In a large saucepan, heat oil. Add onions and garlic powder. Cook, stirring frequently, for 3-5 minutes or until tender. Add the water, salsa, lentils and tomato sauce; mix well. Reduce the heat to medium-low and simmer for 35 minutes. Add the rice. Turn the heat to medium-high until the mixture boils. Cover. Reduce heat and simmer for 5 minutes. Remove from heat. Add carrots and green pepper. Let stand for five minutes.
|Posted on January 15, 2017 at 3:35 PM|
MTHFR…here is an interesting tidbit.
MTHFR or methyl-tetrahydrofolate reductase is responsible for methylation in the cells of the body. Why is this important? Methylation is important for cellular repair, synthesis of nucleic acids, production & repair of DNA & mRNA. It is also needed for detoxification and neurotransmitter production. This enzyme is also needed for a healthy immune system. It affects formation & maturation of red blood cells, white blood cells & platelet production. Okay, that all sounds very technical. Basically, a genetic mutation affecting MTHFR can lead to a host of health issues. How much a person’s health is affected does depend on the severity of the mutation.
Glutathione is your body’s primary detoxifier and antioxidant. MTHFR gene mutation can make you susceptible to illness by lowering your ability to make glutathione. People with low glutathione will experience more stress and are less tolerant of toxins. Have you noticed some people seem to constantly be fighting to stay healthy? This may be an indicator of low glutathione. There are many very serious conditions also associated with MTHFR mutations. Good news on the glutathione front may have come from an unlikely source. A2 Beta Casein has been shown to increase glutathione levels. At a time when milk is blamed for everything from allergies to yeast, this information is quite interesting. The debates about raw milk continue, but the evidence shows a definite difference between how the body uses A1 and A2 types of Beta Casein (B-Casein). We know that A1 type is responsible for the gastric upset people experience with cow’s milk allergy.
However, it should be noted that older breeds of cows Jersey, Asian, African cows produced primarily A2 type B-Casein. Genetic mutations, cross breeding, and other influences has resulted in breeds such as Holsteins now producing primarily A1 type B-Casein. However, there are alternative sources of milk available. Goat, sheep, camel, buffalo, yak, and donkey milk all contain mostly, or only A2 B-casein. So people that have avoided cows milk and used these alternatives were in reality increasing the amount of glutathione available for their bodies!
People with MTHFR mutation now have a reason to consider alternative sources for milk. Besides the normal health benefits associated with some dairy consumption, there is now the important increase in glutathione. Just think, that glass of alternative milk may contain the ability to improve immunity, reduce migraines, improve gastrointestinal issues, reduce risk for many chronic diseases, and more!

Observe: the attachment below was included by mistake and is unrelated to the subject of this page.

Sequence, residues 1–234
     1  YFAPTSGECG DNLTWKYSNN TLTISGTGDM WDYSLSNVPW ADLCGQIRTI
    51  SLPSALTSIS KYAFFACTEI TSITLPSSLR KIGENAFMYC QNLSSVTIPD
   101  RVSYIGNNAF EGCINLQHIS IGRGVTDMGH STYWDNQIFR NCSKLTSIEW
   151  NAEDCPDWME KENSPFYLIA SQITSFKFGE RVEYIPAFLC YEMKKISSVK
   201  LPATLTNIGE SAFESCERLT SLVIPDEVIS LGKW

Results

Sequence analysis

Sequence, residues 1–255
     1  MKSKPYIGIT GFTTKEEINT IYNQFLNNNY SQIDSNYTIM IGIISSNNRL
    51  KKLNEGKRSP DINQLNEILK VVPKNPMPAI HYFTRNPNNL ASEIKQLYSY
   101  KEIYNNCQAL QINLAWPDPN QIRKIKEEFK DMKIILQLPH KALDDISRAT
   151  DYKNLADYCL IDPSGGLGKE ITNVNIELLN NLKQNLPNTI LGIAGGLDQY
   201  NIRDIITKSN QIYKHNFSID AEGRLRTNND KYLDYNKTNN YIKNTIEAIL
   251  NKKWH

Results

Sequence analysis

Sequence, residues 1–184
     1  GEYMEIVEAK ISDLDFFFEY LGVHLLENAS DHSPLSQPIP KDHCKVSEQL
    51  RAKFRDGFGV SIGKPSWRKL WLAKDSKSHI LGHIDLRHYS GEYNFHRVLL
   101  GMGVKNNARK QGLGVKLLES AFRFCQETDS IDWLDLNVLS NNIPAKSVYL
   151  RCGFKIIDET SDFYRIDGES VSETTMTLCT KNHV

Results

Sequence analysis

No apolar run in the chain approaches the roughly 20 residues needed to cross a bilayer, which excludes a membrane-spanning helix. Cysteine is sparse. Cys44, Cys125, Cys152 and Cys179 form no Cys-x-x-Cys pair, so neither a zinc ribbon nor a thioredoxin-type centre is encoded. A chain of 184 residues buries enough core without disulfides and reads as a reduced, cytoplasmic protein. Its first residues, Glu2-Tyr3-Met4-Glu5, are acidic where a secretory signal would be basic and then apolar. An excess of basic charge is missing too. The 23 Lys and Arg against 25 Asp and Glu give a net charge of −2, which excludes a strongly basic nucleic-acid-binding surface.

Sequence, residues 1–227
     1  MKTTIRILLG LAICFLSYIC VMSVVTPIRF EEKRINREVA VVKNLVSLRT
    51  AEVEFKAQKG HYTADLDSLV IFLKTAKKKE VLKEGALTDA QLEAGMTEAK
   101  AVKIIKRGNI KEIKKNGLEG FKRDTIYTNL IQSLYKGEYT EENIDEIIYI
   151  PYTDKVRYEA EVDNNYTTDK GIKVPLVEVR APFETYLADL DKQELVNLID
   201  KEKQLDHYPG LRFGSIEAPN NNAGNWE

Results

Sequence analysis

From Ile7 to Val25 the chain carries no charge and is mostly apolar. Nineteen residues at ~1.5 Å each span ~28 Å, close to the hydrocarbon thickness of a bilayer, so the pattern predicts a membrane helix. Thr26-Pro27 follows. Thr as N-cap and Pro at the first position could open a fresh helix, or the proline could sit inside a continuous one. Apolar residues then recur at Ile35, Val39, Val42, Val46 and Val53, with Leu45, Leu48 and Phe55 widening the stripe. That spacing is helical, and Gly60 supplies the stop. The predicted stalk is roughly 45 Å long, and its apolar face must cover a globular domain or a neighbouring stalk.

Dianna Richardson, ND January 3, 2017
Deth R, et al. Clinical evaluation of glutathione concentrations after consumption of milk containing different subtypes of β-casein: results from a randomized, cross-over clinical trial.Nutr J. 2016 Sep 29;15(1):82.
Haq MR et al. Comparative evaluation of cow β-casein variants (A1/A2) consumption on Th2-mediated inflammatory response in mouse gut. Eur J Nutr. 2013 Oct 29.
Yang S,et al. Identification of Genetic Associations and Functional Polymorphisms of SAA1 Gene Affecting Milk Production Traits in Dairy Cattle. PLoS One. 2016 Sep 9;11(9):e0162195. doi: 10.1371/journal.pone.0162195. eCollection 2016.
Woodford K. Devil in the Milk: Illness, Health and Politics: A1 and A2 Milk. Wellington New Zealand: Craig Potton Publishing 2007.
|Posted on January 15, 2017 at 3:35 PM|
Avocado Hummus—serves 8
1 can chickpeas (garbanzo beans), drained and rinsed
2 ripe avocados
¼ cup lemon juice (1 lemon, juiced)
2 garlic cloves
2 tablespoons olive oil
1 teaspoon salt
1 teaspoon cumin
½ teaspoon paprika
Pita chips, raw veggies, or crackers for serving
Place all ingredients in a food processor or high-speed blender and blend or puree until very smooth. Transfer to a serving bowl and enjoy with pita chips, raw veggies, crackers and/or use the hummus as a sandwich/wrap spread.
Calories: 188 Fat: 12.3g Saturated fat: 1.7g Carbohydrates: 17.2g Sugar: 2.7g Sodium: 425.8mg Fiber: 6.9g Protein: 4.9g Cholesterol: 0g
|Posted on January 15, 2017 at 3:30 PM|
Lemon Chicken Stew—serves 6-8
5 tablespoons cooking oil
½ cup all-purpose flour (gluten free if needed)
Freshly ground pepper
1 pound skinless and boneless chicken, cut into 1-inch pieces
4 carrots, sliced
2 ribs celery, chopped
1 sweet onion, diced
1 leek, thinly sliced
2 cloves garlic, minced
5 cups chicken stock (chickenless stock if vegetarian)
1 cup water
3 tablespoons lemon juice
1 cup orzo pasta
2 tablespoons fresh tarragon, chopped
In large stockpot, heat 2 tablespoons of the oil over medium high heat. Place flour to a shallow bowl and season with about 1 teaspoon each of salt and pepper. Dredge the chicken in the flour, shake off the excess and place half of the chicken in the stockpot but do not overcrowd. Cook until golden, about 2 minutes per side then transfer the chicken to a bowl. Brown the remaining chicken in 2 more tablespoons of the oil.
Add the remaining tablespoon of oil, carrots, celery and onion to the stockpot and cook over medium heat for 3 minutes. Add the sliced leek and garlic and cook for about 2 minutes and season with salt and pepper. Add the chicken stock and water. Bring to a boil. Cover and simmer over low heat, stirring occasionally for about 20 minutes. Add the orzo and chicken to the stockpot and cover and simmer for about 10 minutes or until orzo is tender. Stir in the lemon juice. Season with salt and pepper and sprinkle with tarragon. Serve immediately.